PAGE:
Speech, Universities Australia
- Minister for Education and Training
SIMON BIRMINGHAM: Thank you very much Ian. To Professor Ian O’Connor, Vice Chancellor of Griffith University, Gareth Evans, Chancellor at the ANU, fellow Vice-Chancellors present, to my Parliamentary colleagues present – Senator Bridget McKenzie to whom I think we owe enormous credit and probably apologies at this time of the Parliamentary year.
Chairing the Senate Education Committee is something of a challenging exercise because every time the government decides to do anything in the education landscape, it falls back upon Bridget’s shoulders.
To other Parliamentary colleagues – I think I noticed Shadow Minister Amanda Rishworth here as I arrived and anybody else who I may have missed.
Now I was speaking to an Australia-India Business Council function a few weeks ago now and was asked by the High Commissioner as I got there whether I had been to India. And I had to rather sheepishly say ‘well late last year I was scheduled to go to India and I was going to promote Australia’s water resources as the Parliamentary Secretary for the environment and then there was a reshuffle. And I was happily promoted and became the Assistant Minister for Education and Training but I did not go to India.
My replacement did instead. I was actually scheduled to go to India in the latter part of this year to talk about vocational education and training. And then there was a reshuffle. And I was happily promoted to become the Minister for Education and Training.
So Ian, in your remarks about how wonderful it is that Universities Australia gets to know so many different Members of Parliament because of the frequency in changes in the higher education portfolio, let me be very clear that I am now one for political stability.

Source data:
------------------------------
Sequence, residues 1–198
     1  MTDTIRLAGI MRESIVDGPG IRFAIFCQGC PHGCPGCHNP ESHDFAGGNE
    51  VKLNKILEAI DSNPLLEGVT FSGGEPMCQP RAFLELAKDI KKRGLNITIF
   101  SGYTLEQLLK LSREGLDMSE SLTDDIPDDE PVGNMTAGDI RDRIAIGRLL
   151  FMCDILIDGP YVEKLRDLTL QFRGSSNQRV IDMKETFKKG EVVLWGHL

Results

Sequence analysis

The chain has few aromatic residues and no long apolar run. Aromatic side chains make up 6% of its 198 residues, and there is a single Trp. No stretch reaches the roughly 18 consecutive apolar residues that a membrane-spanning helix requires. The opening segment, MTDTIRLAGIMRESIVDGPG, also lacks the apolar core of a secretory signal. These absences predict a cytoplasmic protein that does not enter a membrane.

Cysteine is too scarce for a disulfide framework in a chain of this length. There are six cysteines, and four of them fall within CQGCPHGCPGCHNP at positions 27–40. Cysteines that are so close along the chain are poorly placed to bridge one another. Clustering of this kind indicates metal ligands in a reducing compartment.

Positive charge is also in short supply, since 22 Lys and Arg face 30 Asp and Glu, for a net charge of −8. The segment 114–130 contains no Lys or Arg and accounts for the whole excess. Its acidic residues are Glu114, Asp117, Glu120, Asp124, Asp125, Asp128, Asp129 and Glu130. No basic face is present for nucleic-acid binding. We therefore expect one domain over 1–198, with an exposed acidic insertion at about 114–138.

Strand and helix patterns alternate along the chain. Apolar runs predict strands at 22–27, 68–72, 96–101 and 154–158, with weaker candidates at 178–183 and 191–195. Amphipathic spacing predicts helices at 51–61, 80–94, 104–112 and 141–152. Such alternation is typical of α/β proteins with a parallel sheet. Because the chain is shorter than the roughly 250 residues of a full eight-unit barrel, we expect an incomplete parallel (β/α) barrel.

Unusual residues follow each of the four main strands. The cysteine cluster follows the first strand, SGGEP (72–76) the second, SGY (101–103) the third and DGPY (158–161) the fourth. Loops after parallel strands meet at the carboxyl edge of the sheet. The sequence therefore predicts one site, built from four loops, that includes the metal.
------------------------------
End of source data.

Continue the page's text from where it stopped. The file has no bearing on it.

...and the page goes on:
ust like I told the Australia India Business Council that I hope next time, and I think I’m still game to schedule a visit to India, but next time I schedule a visit to India I trust that I will get to India. But I do hope and trust that this time next year I have the pleasure of being here and addressing the Universities Australia Christmas gathering as well.
I know that perhaps not all of those gathered here today [indistinct] I acknowledge some of my Federal opponents here as well, I hope that you’re here at this function next year as well, but I hope that I am the one who is up on stage.
Of course, Malcolm as Prime Minister is very fond of saying that there has never been a more exciting time to be an Australian. Well I do think, reflective of Ian’s comments, I perhaps have one of the most exciting roles in government as the Minister for Education and Training.
At this Christmas time of year I sort of reflect back to ten weeks or so ago when I took on this role and discovered that my predecessors, the now Treasurer, Scott Morrison in the child care space and, of course, Christopher Pyne across all the other areas of education and training had left a number of Christmas presents for me. All very neatly wrapped presents with bows on top of them: a child care reform package that is not yet legislated, the school funding questions that stretch out and, of course, one dear to the hearts of those in this room around higher education reform and where it may go.
It is pleasing to see that in this, the final Parliamentary sitting week of the year, we have perhaps for the first time in a while managed to bump some of the difficulties that previous final weeks have had. The Senate is not sitting to ridiculous hours, we are not necessarily having enormously divisive debates about issues that end up crashing and burning as at least this time last year may have occurred and even in the political landscape we have a situation where the leaders of both major parties in this final Parliamentary sitting week of the year look like they’re still going to be the leaders of both major political parties at the end of the final Parliamentary sitting week of the year, unless my Labor colleagues have anything they would like to share with me.